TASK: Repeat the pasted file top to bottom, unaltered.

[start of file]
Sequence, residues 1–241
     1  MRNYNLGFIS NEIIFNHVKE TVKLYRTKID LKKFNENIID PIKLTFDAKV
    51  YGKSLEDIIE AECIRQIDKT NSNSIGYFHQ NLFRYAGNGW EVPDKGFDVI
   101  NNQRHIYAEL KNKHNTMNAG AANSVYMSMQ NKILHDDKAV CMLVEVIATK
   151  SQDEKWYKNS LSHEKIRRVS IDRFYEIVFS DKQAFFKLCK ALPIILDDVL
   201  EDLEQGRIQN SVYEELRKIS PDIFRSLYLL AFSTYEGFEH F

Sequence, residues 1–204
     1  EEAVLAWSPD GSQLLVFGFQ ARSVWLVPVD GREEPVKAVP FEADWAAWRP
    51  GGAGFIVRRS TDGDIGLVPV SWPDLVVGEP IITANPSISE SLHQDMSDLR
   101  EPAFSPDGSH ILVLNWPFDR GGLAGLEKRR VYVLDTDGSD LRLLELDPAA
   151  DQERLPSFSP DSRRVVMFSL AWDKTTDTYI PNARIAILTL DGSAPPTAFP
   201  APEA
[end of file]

Sequence, residues 1–241
     1  MRNYNLGFIS NEIIFNHVKE TVKLYRTKID LKKFNENIID PIKLTFDAKV
    51  YGKSLEDIIE AECIRQIDKT NSNSIGYFHQ NLFRYAGNGW EVPDKGFDVI
   101  NNQRHIYAEL KNKHNTMNAG AANSVYMSMQ NKILHDDKAV CMLVEVIATK
   151  SQDEKWYKNS LSHEKIRRVS IDRFYEIVFS DKQAFFKLCK ALPIILDDVL
   201  EDLEQGRIQN SVYEELRKIS PDIFRSLYLL AFSTYEGFEH F

Sequence, residues 1–204
     1  EEAVLAWSPD GSQLLVFGFQ ARSVWLVPVD GREEPVKAVP FEADWAAWRP
    51  GGAGFIVRRS TDGDIGLVPV SWPDLVVGEP IITANPSISE SLHQDMSDLR
   101  EPAFSPDGSH ILVLNWPFDR GGLAGLEKRR VYVLDTDGSD LRLLELDPAA
   151  DQERLPSFSP DSRRVVMFSL AWDKTTDTYI PNARIAILTL DGSAPPTAFP
   201  APEA